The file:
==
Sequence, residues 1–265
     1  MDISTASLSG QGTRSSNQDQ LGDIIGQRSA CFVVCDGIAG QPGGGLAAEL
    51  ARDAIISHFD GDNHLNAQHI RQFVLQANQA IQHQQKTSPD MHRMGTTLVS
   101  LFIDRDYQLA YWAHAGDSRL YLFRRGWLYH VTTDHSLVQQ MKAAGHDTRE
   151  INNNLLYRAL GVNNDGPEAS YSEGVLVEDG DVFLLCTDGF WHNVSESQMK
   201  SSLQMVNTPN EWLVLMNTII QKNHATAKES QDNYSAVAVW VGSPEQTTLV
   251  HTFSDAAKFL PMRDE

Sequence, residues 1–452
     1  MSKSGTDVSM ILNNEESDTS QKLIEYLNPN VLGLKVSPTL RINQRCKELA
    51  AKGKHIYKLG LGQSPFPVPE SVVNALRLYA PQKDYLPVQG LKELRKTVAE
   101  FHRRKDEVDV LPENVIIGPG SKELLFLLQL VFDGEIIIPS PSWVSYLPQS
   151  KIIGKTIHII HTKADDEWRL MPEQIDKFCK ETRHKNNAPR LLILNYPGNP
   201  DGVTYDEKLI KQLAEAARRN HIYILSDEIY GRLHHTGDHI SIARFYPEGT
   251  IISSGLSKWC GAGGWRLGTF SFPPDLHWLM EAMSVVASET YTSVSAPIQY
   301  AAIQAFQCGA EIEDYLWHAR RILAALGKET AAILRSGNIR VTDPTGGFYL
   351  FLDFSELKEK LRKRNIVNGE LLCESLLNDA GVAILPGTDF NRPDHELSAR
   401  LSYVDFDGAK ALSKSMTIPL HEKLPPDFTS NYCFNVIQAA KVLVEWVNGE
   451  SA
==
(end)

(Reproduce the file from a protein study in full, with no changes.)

Sequence, residues 1–265
     1  MDISTASLSG QGTRSSNQDQ LGDIIGQRSA CFVVCDGIAG QPGGGLAAEL
    51  ARDAIISHFD GDNHLNAQHI RQFVLQANQA IQHQQKTSPD MHRMGTTLVS
   101  LFIDRDYQLA YWAHAGDSRL YLFRRGWLYH VTTDHSLVQQ MKAAGHDTRE
   151  INNNLLYRAL GVNNDGPEAS YSEGVLVEDG DVFLLCTDGF WHNVSESQMK
   201  SSLQMVNTPN EWLVLMNTII QKNHATAKES QDNYSAVAVW VGSPEQTTLV
   251  HTFSDAAKFL PMRDE

Sequence, residues 1–452
     1  MSKSGTDVSM ILNNEESDTS QKLIEYLNPN VLGLKVSPTL RINQRCKELA
    51  AKGKHIYKLG LGQSPFPVPE SVVNALRLYA PQKDYLPVQG LKELRKTVAE
   101  FHRRKDEVDV LPENVIIGPG SKELLFLLQL VFDGEIIIPS PSWVSYLPQS
   151  KIIGKTIHII HTKADDEWRL MPEQIDKFCK ETRHKNNAPR LLILNYPGNP
   201  DGVTYDEKLI KQLAEAARRN HIYILSDEIY GRLHHTGDHI SIARFYPEGT
   251  IISSGLSKWC GAGGWRLGTF SFPPDLHWLM EAMSVVASET YTSVSAPIQY
   301  AAIQAFQCGA EIEDYLWHAR RILAALGKET AAILRSGNIR VTDPTGGFYL
   351  FLDFSELKEK LRKRNIVNGE LLCESLLNDA GVAILPGTDF NRPDHELSAR
   401  LSYVDFDGAK ALSKSMTIPL HEKLPPDFTS NYCFNVIQAA KVLVEWVNGE
   451  SA